How to Buy a Stock Once It Reaches a Certain Price

Volatile stock markets provide several opportunities to buy stocks at reasonable prices.

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Stock prices are volatile. Even within the course of a single trading day, a stock may go up or down a few percentage points. To get the best return, you'll want to buy a stock at the best price. The way the stock market trades up and down, you can often get a certain price if you are willing to wait for it. But you'll have to enter a specific type of order to get your price.


If you are hoping to buy a stock at a specific price point, you can use a limit order in order to ensure that you achieve the best possible acquisition based on your preferences.

Understanding Limit Orders

A limit order requires you to specify the price you are willing to pay for a stock. If the stock never trades down to that price, your trade will never execute. This is the risk you'll have to accept if you're trying to wait for a particular price.

To enter a limit order, tell your broker what price you are willing to pay, or enter it online via your firm's trading website. For example, if a stock is trading at $50 per share but you're only willing to pay $45, you'll enter $45 as your limit price. That order will stay on the books until the stock trades down to that price or the order expires, whichever comes first. Limit orders expire at the close of business on the day you enter them. You can extend this expiration date by making your order "good-til-canceled." A GTC order expires at the discretion of the firm accepting the order. Typically, these orders last 60 days or longer.

If you wanted to sell a stock at a specific price, you could also use a limit order. For sales, you'd enter a price above the current stock price, and your sale wouldn't trigger until the stock reached your price. For example, you might put in a sell limit order at $50 if a stock is trading at $45, hoping it trades up to your target price and executes.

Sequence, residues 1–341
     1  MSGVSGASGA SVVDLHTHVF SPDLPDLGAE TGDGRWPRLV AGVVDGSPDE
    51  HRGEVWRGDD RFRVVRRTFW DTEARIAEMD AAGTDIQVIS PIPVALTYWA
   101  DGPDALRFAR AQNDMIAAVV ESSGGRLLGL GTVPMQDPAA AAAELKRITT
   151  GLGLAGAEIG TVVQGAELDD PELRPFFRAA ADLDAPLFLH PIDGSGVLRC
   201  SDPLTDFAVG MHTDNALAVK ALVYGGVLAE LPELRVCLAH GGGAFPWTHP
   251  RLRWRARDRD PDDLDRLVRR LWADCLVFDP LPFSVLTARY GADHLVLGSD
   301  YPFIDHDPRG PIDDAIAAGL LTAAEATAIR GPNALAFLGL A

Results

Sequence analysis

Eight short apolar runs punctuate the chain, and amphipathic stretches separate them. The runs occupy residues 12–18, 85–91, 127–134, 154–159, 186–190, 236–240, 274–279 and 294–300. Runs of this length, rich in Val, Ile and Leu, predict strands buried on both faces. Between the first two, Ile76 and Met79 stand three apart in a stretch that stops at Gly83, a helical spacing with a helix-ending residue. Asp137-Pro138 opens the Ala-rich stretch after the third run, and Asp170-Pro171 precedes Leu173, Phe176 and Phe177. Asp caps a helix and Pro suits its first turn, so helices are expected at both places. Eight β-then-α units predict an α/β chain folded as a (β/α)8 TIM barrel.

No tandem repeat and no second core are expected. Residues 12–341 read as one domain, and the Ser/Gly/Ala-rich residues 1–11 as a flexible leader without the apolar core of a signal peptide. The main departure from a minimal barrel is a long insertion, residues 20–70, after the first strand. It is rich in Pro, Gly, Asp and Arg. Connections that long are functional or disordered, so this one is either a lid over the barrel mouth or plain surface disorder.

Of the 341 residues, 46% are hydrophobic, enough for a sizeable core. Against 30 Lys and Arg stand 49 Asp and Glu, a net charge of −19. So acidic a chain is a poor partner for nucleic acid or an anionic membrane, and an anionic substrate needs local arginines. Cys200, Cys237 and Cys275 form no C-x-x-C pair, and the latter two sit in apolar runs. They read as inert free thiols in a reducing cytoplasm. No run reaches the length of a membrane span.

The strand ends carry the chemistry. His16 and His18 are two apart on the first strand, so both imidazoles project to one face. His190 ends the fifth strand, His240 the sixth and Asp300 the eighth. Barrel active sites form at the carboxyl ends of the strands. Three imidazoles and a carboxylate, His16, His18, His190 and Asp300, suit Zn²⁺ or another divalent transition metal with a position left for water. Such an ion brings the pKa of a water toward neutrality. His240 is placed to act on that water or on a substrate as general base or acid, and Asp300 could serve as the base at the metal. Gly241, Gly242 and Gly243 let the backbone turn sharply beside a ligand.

Exploring Market Orders

If you're happy to buy a stock at the current price, you can enter a market order. Unlike a limit order, a market order executes immediately. A market order eliminates the risk that a stock never trades down to your limit price. In a rapidly rising market, a market order might be the only way to buy a stock.

Evaluating Stop Orders

Stop orders are hybrid orders that combine aspects of both limit and market orders. To enter a stop order, you'll have to specify a price for a stock. Once that price is reached, the order becomes a market order, executing at the next available price. While similar to limit orders, stop orders do not guarantee a certain price; they only specify the price at which the order becomes a market order.

Defining Stop-Limit Orders

If you still want to specify a price, you can enter a stop-limit order, which becomes a limit order once the stop price is reached. For example, you could enter a stop-limit order with a stop price of $40 and a limit price of $38. Once the stock trades down to $40, the order becomes a limit order that will not execute unless the stock hits $38.